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Motor Types- AC Motor

Motor Types- AC Motor

An AC motor is an electric motor driven by an alternating current (AC).
It commonly consists of two basic parts, an outside stationary stator having coils supplied with alternating current to produce a rotating magnetic field, and an inside rotor attached to the output shaft that is given a torque by the rotating field.
There are two main types of AC motors, depending on the type of rotor used.
For more related information please refer:
Motor Types-Introduction
Motor Types- DC Motor
Motor Types- AC Motor
Motor Types- Special Types of Motor
Servo Motors

Stepper Motor
The first type is the induction motor or asynchronous motor; this type relies on a small difference in speed between the rotating magnetic field and the rotor to induce rotor current. The second type is the synchronous motor, which does not rely on induction and as a result, can rotate exactly at the supply frequency or a sub-multiple of the supply frequency. The magnetic field on the rotor is either generated by current delivered through slip rings or by a permanent magnet. Other types of motors include eddy current motors, and also AC/DC mechanically commutated machines in which speed is dependent on voltage and winding connection.

Slip

If the rotor of a squirrel cage motor runs at the true synchronous speed, the flux in the rotor at any given place on the rotor would not change, and no current would be created in the squirrel cage. For this reason, ordinary squirrel-cage motors run at some tens of rpm slower than synchronous speed. Because the rotating field (or equivalent pulsating field) effectively rotates faster than the rotor, it could be said to slip past the surface of the rotor. The difference between synchronous speed and actual speed is called slip, and loading the motor increases the amount of slip as the motor slows down slightly. Even with no load, internal mechanical losses prevent the slip from being zero.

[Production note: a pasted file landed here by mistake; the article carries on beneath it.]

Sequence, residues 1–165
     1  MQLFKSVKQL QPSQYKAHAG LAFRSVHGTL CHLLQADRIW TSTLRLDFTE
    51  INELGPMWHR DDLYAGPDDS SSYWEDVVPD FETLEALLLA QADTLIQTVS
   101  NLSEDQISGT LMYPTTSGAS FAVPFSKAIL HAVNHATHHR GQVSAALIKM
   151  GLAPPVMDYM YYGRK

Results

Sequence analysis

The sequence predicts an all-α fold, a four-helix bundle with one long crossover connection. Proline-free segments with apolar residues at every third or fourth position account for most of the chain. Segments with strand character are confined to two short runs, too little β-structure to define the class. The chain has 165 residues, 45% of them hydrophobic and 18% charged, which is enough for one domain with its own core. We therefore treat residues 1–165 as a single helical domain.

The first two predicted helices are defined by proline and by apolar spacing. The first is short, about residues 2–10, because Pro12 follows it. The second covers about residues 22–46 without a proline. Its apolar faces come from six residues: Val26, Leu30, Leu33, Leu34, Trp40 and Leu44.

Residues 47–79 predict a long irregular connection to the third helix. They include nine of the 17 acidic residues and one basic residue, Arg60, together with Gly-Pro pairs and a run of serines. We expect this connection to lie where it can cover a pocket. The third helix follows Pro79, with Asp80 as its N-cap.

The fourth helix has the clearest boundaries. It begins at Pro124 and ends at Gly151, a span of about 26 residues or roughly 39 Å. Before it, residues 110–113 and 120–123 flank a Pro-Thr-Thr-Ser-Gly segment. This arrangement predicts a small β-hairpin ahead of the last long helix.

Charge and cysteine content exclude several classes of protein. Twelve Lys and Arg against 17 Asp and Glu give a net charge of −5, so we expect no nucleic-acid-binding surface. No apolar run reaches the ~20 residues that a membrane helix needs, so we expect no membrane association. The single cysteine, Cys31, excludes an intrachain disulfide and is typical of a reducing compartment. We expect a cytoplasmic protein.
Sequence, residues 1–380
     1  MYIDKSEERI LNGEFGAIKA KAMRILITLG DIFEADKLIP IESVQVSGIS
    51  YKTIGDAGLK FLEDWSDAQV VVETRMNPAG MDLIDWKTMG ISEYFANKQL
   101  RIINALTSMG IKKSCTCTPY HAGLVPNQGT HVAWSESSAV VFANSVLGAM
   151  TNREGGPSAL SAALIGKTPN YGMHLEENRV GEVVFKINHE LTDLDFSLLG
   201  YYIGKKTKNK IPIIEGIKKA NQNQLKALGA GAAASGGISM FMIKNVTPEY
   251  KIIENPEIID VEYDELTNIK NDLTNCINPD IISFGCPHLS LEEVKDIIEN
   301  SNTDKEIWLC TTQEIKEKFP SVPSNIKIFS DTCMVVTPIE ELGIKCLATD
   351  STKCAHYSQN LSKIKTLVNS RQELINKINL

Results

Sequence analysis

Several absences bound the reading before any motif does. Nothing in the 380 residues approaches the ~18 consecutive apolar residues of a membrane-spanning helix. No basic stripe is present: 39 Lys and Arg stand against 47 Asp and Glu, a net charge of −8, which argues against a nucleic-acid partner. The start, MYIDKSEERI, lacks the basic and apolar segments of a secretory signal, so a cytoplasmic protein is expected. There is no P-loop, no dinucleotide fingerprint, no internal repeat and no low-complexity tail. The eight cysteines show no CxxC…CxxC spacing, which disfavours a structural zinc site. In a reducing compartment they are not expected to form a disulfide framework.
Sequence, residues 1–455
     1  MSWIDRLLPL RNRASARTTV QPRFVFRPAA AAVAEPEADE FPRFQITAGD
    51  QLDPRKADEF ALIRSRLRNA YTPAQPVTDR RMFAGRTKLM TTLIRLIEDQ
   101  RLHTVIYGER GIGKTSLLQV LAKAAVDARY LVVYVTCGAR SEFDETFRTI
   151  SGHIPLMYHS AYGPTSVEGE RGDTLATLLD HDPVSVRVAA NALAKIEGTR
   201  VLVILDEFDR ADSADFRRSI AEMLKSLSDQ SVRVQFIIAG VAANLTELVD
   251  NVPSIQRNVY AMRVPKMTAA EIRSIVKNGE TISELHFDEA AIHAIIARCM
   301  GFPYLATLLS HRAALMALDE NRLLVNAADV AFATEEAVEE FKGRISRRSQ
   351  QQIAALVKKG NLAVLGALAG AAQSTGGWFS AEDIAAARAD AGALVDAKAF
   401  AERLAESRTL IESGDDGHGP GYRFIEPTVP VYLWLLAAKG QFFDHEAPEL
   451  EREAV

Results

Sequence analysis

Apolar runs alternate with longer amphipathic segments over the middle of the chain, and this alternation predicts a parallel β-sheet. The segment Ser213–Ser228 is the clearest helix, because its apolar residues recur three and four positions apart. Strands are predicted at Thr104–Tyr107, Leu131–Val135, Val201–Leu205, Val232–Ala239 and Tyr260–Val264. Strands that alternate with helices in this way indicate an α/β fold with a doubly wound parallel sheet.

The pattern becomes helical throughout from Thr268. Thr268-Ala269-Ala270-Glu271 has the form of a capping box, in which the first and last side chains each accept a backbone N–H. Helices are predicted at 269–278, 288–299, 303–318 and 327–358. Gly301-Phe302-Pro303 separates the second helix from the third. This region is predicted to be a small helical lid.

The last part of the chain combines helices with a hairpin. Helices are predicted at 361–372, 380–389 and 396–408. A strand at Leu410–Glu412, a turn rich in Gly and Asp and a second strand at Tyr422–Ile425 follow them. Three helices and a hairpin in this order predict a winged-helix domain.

The speed of the AC motor is determined primarily by the frequency of the AC supply and the number of poles in the stator winding, according to the relation:
 N_{s} = 120F/p
where
Ns = Synchronous speed, in revolutions per minute
F = AC power frequency
p = Number of poles per phase winding

1.Induction Motor: So called because voltage is induced in the rotor (thus no need for brushes), but for this to happen,the rotor must rotate at a lower speed than the magnetic

field to allow for the existence of an induced voltage.


2.Synchronous Motor: So called because rotor tries to line up with the rotating magnetic field in the stator. It has the
stator of an induction motor, and the rotor of a dc motor.




3.Three Phase Induction Motor:
An electric motor converts electrical energy into a mechanical energy which is then supplied to different types of loads. A.c. motors operate on an a.c. supply, and they are classified into synchronous, single phase and 3 phase induction, and special purpose motors. Out of all types, 3 phase induction motors are most widely used for industrial applications mainly because they do not require a starting device.
A 3 phase induction motor derives its name from the fact that the rotor current is induced by the magnetic field, instead of electrical connections.
The operating principle of a 3 phase induction motor is based on the production of r.m.f.

The stator of an induction motor consists of a number of overlapping windings offset by an electrical angle of 120°. When the primary winding or stator is connected to a three phase alternating current supply, it establishes a rotating magnetic field which rotates at a synchronous speed.

The direction of rotation of the motor depends on the phase sequence of supply lines, and the order in which these lines are connected to the stator. Thus interchanging the connection of any two primary terminals to the supply will reverse the direction of rotation.
The number of poles and the frequency of the applied voltage determine the synchronous speed of rotation in the motor’s stator. Motors are commonly configured to have 2, 4, 6 or 8 poles. The synchronous speed, a term given to the speed at which the field produced by primary currents will rotate, is determined by the following expression.
Synchronous speed of rotation = (120* supply frequency) / Number of poles on the stator

4.Single Phase Induction Motor:
Single phase induction motors require just one power phase for its operation. They are commonly used in low power rating applications, in domestic as well as industrial use. This article is aimed at giving you a conceptual overview of working of single phase motors.


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2 comments:

  1. Useful Technical Info.. Thanks for sharing!

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